Today I got routine service done on my car (one of those tedious adult things that I'm trying to get done this summer so that I have an easier fall once school starts), which meant I had a couple of hours to sit in an air-conditioned waiting room with the TV blaring. I have a hard time focusing when a TV is on, so I decided the thing to do was to reread a breezy but pointful book: Sarah Knight's The Life-Changing Magic of Not Giving a Fuck: How to Stop Spending Time You Don't Have with People You Don't Like Doing Things You Don't Want to Do. Totally worth a read -- I recommend it.
I'm actually pretty lucky in my life in that I don't actually spend much time with people I don't like or doing things I don't want to do. Sure, there's some of it, but honestly I have good students, good colleagues, good administrators, and fairly little work that's pointless. As I was rereading her book, I kept thinking about the movie Office Space (which I love) and the frustrations of TPS reports and mid-morning coffee breaks that are all about complaining. I don't have that, and I should remember more often to be grateful.
I do take to heart Knight's advice that, before you can embark on her two-step NotSorry system -- (1) deciding what you give a f**k about and then (2) proceeding to either give or not give a f**k -- you must embrace the art of not giving a f**k about what other people think. That's a hard one for me in some respects, but only some; I've gotten much better about this over the years -- one of the advantages of hitting middle age.
But I'll tell you where I could see her advice and her NotSorry approach being really pertinent to me, and that is life at my synagogue. I roped myself into that annoying committee at the temple, and I know myself well enough to imagine such things happening again. So I'm going to take Knight's advice seriously -- that one has a finite number of f**ks to give and needs to budget them wisely -- and apply this to all future temple obligations. And, importantly, not to overestimate what my "obligations" are anyway. For example, I went to the first class in a summer course at the temple, and it was fine, but I'm not feeling a burning desire to go to the other sessions. There have been times I would have felt that I really should go so that I didn't hurt the feelings of the class leaders, who might think that I didn't really like the course. And I've mostly gotten over that, which has been a huge relief.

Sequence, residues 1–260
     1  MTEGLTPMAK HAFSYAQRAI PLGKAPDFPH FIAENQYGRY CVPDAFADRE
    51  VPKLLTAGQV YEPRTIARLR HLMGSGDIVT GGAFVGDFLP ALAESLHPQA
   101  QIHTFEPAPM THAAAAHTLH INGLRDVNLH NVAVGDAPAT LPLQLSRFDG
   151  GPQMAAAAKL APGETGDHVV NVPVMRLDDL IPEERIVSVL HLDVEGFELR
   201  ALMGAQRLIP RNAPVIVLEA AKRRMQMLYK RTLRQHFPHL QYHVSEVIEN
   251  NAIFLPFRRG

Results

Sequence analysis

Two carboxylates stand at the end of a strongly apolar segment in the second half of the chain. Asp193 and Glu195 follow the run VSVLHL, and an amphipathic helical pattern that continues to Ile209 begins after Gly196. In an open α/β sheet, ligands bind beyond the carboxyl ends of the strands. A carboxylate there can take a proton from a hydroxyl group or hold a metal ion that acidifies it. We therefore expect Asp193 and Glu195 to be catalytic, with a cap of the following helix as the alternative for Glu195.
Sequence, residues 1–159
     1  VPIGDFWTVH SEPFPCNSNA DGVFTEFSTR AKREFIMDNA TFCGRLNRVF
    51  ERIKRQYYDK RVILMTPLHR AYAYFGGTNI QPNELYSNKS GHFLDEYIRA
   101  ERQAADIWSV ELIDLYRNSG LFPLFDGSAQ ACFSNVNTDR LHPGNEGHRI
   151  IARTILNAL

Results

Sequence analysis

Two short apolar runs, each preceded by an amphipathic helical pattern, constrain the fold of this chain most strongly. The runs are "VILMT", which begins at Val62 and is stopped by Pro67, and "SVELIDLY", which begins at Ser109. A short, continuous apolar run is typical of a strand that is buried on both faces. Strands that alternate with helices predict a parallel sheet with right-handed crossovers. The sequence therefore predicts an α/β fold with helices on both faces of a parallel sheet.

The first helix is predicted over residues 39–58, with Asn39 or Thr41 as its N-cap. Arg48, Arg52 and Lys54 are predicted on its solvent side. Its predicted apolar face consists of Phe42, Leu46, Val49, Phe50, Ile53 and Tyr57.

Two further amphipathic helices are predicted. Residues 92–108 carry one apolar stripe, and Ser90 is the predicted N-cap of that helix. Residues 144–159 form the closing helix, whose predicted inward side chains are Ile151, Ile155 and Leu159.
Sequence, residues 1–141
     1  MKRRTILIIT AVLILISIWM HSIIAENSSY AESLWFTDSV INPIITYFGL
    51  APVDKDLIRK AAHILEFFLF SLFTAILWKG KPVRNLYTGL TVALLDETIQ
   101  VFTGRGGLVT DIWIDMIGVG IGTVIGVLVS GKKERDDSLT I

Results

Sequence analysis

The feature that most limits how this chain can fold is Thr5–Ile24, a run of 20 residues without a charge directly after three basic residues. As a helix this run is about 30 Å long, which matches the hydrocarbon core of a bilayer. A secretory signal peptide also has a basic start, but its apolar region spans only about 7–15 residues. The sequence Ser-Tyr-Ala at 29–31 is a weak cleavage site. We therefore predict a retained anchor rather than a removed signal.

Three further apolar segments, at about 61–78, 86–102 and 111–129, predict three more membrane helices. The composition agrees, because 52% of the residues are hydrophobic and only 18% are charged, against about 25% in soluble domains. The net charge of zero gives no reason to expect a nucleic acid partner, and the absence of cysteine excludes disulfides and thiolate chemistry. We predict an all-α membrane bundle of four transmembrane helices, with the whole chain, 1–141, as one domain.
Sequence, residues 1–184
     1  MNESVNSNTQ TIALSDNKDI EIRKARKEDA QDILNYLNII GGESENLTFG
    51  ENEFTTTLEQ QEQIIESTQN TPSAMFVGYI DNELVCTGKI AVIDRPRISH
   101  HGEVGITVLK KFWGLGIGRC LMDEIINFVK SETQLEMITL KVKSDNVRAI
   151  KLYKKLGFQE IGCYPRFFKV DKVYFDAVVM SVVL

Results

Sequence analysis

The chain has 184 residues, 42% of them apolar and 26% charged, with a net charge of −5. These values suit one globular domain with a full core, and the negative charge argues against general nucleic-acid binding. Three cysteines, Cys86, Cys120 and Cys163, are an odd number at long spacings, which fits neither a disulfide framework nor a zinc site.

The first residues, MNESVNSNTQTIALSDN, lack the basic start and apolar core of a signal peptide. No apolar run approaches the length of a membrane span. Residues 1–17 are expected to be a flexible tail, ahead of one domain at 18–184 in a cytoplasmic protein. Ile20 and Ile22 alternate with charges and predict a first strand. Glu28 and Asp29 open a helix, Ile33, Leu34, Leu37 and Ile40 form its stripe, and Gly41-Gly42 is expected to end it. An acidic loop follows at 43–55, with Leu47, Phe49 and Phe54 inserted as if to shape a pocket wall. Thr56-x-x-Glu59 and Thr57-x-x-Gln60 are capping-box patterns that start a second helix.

Also, by the way, I had a truly fabulous conversation a couple of weeks ago with the newer rabbi, who is connected with although not in charge of that annoying committee (which she confessed had been the most challenging part of her first year in the job), and she essentially said "pish-posh" when I said that I've felt maybe I needed to stick it out for a year with this committee. She was very clear that I should be thoughtful about where I put my energies and not to put them anywhere that's not going to be rewarding. So (a) why did I need her permission? Aargh -- be a grown-up, WN! and (b) I'm now disentangling myself from that committee. I'm committed to one thing in September, and after that I am out of there! On both points (a) and (b), I really need to embrace that attitude of not giving a f**k about what other people think!
But here's the important epiphany that I had this afternoon at the garage, despite the blaring TV: My problem is actually the opposite of what Knight is writing about. She's concerned about people giving away their f**ks on things they don't care about (getting roped into a friend's Pampered Chef house party when you don't even cook, or going to baby showers if you really hate that sort of thing, or whatever), but my problem is that I expend my f**ks on things that I really do care about but that I can't actually do much about.
For example: The Social Studies department at FGS drives me crazy. The teachers are all nice people, but I disagree with a lot of things the department does. And I can't tell you how much energy I've expended over the years, getting my knickers in a twist over this or that that they've done now.
And the screwy things they do -- by which I mean things that I would do differently :-) -- do affect me in two ways: Because we're the two departments that formally teach writing, I often find myself needing to teach around what they're saying while trying not to be disrespectful of colleagues in front of my students. And two or three times a year, our respective department heads make us have a joint meeting in which we're supposed to talk through our differences; I think almost everyone hates those meetings, but we're dragged to them nonetheless.
But it's time to recognize that none of the work I've done over the years to influence how we teach writing in our two departments has actually made a difference. Ultimately, I have control over how I teach writing in my own classes, and that's it. So it's not that all of this isn't worth giving a f**k about -- I care deeply about my students' experiences and their writing -- but simply that it's throwing good f**ks after bad, because all I've managed to do is wear myself out and probably annoy some of my colleagues.
So I'm officially re-adopting my mantra from a couple of years ago -- "Not my crazy monkey parade" -- a mantra that I did not do a very good job of following -- and adding to it the self-admonition: "Don't waste your good energy." That's a way for me to recognize that there are reasons I care about many things but that it's a waste to pour that energy into situations that I can't affect. And that my energy is a good thing but not infinite, so I need to be careful about how I marshall it.
Fortunately, I have a month before I need to start worrying about my energies during the school year! But I like to have worked out my mantra in plenty of time.